It is up to a student to choose Yoga, to maintain a practice, to constantly seek inspiration and new knowledge.
I was taught, practice & teach Yoga asana sequences with stops between postures and groups of postures. Stops are an opportunity for me to observe what is happening in my body, to recollect into awareness my experience of postures I just completed, to let my breath settle and to make a conscious choice when to move into the next postures. Stops can be peaceful waits and they can be disturbing.
I gained more insight to these stops as a Yoga teacher. As a teacher I am privileged to be dominantly in a role of observer. Observing a group of practitioners who have just stopped moving is amusing and inspiring time and again. I see people scratching, organizing their clothes, looking around … it’s as if there is a group effort to avoid stillness. Pointing this out affects people differently. Some people will collect themselves and become still, others will switch to other, more subtle twitching movements. In some cases the twitching is so subtle that people don’t notice it at all. I’ve stood next to a practitioner who’s entire body is still – but the fingertips are moving nervously – as if playing on some invisible instrument – while they were convinced they were perfectly still.
Some disturbances, such as straightening a shirt are rooted in habit, others are an indication of nervous energy in the body (which can be expected after energetic practices). Either way, they can be very slippery and difficult to catch. Trying to catch them is also a disturbing activity which can actually make them worse. This is an opportunity to a soft and gradual learning process:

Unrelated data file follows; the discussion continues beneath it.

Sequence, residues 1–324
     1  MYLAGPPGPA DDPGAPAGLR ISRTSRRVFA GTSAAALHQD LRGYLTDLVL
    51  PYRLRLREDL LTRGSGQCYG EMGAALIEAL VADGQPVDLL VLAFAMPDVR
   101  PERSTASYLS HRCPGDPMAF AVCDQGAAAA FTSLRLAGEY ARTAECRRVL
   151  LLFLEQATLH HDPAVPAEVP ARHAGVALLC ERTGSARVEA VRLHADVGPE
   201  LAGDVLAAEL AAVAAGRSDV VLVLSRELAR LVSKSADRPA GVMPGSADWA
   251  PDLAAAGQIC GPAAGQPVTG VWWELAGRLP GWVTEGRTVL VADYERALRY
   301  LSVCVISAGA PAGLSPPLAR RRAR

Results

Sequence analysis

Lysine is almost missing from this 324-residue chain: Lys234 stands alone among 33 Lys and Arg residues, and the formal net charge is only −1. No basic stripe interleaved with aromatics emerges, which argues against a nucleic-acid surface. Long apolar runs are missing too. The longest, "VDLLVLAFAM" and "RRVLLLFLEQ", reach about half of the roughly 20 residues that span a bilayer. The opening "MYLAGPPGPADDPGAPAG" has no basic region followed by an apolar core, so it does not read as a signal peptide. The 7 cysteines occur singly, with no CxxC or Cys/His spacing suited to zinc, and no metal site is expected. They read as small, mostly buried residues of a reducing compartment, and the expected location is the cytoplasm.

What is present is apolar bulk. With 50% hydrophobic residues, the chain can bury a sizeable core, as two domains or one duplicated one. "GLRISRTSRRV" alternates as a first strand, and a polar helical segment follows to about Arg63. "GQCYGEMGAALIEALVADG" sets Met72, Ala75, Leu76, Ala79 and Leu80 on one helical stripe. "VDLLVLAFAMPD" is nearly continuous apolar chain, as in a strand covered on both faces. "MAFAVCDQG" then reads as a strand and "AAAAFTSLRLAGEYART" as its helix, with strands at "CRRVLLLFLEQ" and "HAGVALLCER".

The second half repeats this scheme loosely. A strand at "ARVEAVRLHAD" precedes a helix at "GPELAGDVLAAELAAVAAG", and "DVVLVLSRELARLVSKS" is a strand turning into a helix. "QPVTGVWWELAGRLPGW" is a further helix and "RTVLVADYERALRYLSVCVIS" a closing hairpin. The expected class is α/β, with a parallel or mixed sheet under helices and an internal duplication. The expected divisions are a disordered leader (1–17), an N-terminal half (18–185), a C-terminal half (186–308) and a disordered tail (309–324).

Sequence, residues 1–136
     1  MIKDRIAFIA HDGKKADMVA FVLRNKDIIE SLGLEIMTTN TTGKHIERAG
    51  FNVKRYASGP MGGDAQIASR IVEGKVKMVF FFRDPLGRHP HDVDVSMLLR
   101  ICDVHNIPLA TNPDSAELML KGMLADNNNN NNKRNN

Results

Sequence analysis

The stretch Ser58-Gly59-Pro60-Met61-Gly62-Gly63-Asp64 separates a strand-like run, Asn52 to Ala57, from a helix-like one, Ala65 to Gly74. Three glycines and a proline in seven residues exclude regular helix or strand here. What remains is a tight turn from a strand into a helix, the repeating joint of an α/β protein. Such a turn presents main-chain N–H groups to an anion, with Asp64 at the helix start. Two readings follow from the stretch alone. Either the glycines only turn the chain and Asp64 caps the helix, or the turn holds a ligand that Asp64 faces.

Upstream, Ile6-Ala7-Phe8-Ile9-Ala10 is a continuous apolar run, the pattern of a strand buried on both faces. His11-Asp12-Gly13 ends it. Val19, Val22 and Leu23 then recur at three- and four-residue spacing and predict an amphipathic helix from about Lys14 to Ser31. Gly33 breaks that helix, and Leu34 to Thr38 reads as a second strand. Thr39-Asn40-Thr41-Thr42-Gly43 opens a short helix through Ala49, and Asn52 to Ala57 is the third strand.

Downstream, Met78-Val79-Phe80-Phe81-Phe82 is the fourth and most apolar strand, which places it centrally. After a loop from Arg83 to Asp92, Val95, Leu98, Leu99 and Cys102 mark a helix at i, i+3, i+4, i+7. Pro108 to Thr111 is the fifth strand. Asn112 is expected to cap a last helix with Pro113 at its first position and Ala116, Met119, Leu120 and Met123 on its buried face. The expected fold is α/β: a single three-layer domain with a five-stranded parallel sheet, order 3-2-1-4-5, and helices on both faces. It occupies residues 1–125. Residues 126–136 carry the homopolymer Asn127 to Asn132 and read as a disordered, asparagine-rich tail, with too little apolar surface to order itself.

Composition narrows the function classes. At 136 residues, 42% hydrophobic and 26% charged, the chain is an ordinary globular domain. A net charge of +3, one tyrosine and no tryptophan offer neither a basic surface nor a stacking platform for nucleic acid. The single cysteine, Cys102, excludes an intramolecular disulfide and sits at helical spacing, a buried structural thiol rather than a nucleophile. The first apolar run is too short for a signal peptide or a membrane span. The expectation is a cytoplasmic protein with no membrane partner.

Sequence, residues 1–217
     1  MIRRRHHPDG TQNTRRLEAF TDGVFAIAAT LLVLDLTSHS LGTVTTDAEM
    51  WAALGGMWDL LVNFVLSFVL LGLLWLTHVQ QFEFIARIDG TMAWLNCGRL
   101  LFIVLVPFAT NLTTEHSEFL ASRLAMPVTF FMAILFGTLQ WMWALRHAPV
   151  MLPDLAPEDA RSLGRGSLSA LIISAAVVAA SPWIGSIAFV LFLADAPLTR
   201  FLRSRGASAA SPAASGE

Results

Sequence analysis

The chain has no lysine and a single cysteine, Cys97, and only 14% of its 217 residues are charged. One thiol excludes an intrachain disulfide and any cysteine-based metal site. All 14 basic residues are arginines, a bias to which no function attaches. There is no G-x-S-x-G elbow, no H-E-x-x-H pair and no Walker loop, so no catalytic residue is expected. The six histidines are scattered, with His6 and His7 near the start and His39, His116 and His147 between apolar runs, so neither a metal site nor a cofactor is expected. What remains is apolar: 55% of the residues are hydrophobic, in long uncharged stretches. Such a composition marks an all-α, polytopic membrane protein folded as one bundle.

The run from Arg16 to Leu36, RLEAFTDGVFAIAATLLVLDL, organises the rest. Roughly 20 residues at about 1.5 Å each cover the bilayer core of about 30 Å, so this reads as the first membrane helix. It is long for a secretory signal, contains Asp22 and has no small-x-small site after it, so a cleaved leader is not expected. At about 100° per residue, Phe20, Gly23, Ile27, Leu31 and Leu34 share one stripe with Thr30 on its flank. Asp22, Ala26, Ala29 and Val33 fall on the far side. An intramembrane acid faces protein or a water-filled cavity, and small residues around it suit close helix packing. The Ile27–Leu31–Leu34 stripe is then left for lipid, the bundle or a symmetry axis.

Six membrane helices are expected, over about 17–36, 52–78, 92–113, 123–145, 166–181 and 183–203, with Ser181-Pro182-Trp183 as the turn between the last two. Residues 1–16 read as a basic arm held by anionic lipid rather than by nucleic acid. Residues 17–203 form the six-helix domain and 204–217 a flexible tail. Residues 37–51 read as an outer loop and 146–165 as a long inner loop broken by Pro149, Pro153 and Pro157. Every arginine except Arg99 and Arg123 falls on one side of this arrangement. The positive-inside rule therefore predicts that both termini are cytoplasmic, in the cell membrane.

- Notice your movements – be curious about them, this is a big first step – and will usually have a short term tempering affect.
- Observe their fruits – though you may not be conscious of it, your movements satisfy something – it can be a shyness about your body, deeply rooted mannerisms, physical discomfort, an agitated mind … ask yourself what your movements have achieved for you.
- Notice your impulses to move – movement is preceded by an impulse to move – there is an impulse for straightening your shirt that comes before you actually do it.
- Recognize an option for choice – there is a window of opportunity between and impulse and an action to make a choice. Usually there is a default choice that is to act on an impulse, but you may come to realize that there is an opportunity to make another choice.
These “disturbances” are expressions of deeper patterns – their physical manifestation is an ending of a process that is rooted in deep motivations. Instead of insisting on subduing them you can try and stay with them until some more information about their true nature appears before you. Follow them patiently and they will lead you into deeper learning and subtle change. Stillness can be much more then an absence of disturbances.
I recall reading a speech given by Sting in which he suggests that silence between sounds is as much a part of music as the sounds themselves. Similarly, to experience and appreciate the melody of Yoga we need to develop stillness as well as movement.
I will be joining a group of talented, inspiring and free spirited performers on stage. Saturday – Mar 13th Tmuna Theatre Tel-Aviv. Tickets are 55 NIS. You are invited